First off, a real change to the look of the place – more rustic and homey. The bar that was off to the side is gone and replaced with an open kitchen line where the tattooed gang of cooks was earnestly at work on our arrival. The titaness of ‘tude was not around, I still don’t know if the rumors are true, but she certainly wasn’t there on our night out. The waiters are still, unfortunately, obligated to deal with the two small blackboards brought to each table, though at least they’re now completely relaxed about it and didn’t seem to mind simply hanging out at the tables waiting and even making some recommendations – and there wasn’t an eye roll to be seen. I still don’t like that system, we all agreed that even with his relaxed demeanor there was a certain pressure felt to make a decision quickly. We also all noted that the chef’s television fame has come with a price… a price increase that is, with appetizers running between 45 and 75 pesos and main courses running from 110 to 235 pesos.
The appetizers now lean towards shareable tapas style dishes, and our waiter assured us that they were ample in size, so we ordered three for the table. While certainly ample for a single serving, I’m not sure that 50 pesos for three slices of bread with some jamón crudo, the local version of proscuitto, was worth it, especially as the meat was pretty average quality.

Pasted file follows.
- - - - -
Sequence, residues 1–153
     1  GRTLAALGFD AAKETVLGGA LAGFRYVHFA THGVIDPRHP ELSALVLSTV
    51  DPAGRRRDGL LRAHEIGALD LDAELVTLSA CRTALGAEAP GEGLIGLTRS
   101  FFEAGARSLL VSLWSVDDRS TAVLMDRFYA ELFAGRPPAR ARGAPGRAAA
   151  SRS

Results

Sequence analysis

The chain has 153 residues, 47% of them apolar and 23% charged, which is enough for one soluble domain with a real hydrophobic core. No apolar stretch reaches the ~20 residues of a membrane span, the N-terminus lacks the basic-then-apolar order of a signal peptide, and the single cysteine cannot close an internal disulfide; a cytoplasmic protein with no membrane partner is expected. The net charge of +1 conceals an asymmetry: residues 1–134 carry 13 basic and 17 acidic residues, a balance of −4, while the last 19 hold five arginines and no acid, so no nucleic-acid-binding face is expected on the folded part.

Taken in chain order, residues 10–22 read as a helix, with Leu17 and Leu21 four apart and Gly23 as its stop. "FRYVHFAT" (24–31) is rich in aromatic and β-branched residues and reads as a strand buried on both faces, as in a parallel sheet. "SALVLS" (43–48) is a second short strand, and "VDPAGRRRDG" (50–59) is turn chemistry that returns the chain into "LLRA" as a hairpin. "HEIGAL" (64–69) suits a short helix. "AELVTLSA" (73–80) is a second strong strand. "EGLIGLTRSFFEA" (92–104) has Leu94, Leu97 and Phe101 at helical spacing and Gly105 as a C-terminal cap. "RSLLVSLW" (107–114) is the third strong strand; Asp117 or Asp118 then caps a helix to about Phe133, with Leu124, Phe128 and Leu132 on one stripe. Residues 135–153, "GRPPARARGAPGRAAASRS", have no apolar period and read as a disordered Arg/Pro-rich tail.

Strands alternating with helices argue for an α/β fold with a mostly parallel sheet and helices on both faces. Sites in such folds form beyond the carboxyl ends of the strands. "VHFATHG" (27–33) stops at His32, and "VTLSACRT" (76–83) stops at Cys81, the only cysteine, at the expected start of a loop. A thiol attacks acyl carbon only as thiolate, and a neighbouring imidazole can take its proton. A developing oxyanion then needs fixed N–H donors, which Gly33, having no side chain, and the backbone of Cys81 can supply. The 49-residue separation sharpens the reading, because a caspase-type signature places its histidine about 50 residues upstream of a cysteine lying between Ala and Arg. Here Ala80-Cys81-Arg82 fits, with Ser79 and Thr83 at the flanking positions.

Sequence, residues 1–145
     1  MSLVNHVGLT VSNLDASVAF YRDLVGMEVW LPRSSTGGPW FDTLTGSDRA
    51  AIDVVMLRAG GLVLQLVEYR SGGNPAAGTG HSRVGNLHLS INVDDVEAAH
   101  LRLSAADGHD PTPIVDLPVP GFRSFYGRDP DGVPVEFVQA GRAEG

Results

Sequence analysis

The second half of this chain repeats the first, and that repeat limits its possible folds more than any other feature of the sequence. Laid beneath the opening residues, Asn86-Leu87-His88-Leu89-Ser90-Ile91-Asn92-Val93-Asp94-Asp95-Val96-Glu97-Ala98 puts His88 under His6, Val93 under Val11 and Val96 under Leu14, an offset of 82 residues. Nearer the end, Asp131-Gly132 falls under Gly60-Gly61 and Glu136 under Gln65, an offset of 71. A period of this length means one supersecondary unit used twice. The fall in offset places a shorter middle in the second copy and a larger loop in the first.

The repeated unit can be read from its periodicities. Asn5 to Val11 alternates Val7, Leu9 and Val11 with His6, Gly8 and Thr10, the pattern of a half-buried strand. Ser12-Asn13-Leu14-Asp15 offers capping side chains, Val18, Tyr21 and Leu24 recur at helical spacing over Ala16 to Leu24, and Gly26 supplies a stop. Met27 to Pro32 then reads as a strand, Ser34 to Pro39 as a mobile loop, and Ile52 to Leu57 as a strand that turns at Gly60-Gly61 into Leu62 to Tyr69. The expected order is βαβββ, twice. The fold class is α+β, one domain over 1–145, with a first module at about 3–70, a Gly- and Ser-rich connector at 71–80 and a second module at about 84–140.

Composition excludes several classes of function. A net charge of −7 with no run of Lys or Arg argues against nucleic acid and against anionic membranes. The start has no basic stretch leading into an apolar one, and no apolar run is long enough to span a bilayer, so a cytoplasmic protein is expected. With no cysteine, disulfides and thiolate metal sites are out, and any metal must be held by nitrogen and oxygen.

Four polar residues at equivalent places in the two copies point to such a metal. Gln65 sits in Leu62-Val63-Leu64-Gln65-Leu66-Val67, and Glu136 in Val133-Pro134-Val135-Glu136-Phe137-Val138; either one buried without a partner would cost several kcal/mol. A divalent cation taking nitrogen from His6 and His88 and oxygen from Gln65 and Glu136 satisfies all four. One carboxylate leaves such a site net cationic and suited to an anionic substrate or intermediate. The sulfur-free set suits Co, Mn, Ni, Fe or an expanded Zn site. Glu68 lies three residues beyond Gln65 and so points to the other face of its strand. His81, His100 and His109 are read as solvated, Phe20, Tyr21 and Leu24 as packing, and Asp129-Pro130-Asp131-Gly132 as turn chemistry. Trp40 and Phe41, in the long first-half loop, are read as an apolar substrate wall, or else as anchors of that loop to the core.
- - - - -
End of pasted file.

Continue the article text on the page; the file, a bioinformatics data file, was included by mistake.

We also weren’t overly impressed with the pickled oyster mushrooms served over more slices of the same bread, with the insertion in the middle of a little slice of tortilla, a sort of dense, faintly mushroom-y egg cake.
On the other hand, the perfectly cooked and tender lambs tongue en escabeche were brilliant. I’d go back for those anytime. Completely classic, nothing cutting edge, just executed the way the dish should be.
Only two of us were drinking, so we ordered a half-bottle, of which there’s a small selection on the winelist – an Alamos Malbec Maceración Atenuado, a normally dark rosé. The bottle arrived and the color was pallid, and on examining, turned out to be a 2008 – a nearly five year old rosé. I considered sending it back unopened, but curiosity got the best of us and we went with it. Turned out not to be bad, though definitely faded from its usual rich intensity. Still, a cautionary note – I’m not fond of restaurants pawning off old stock past its prime on customers.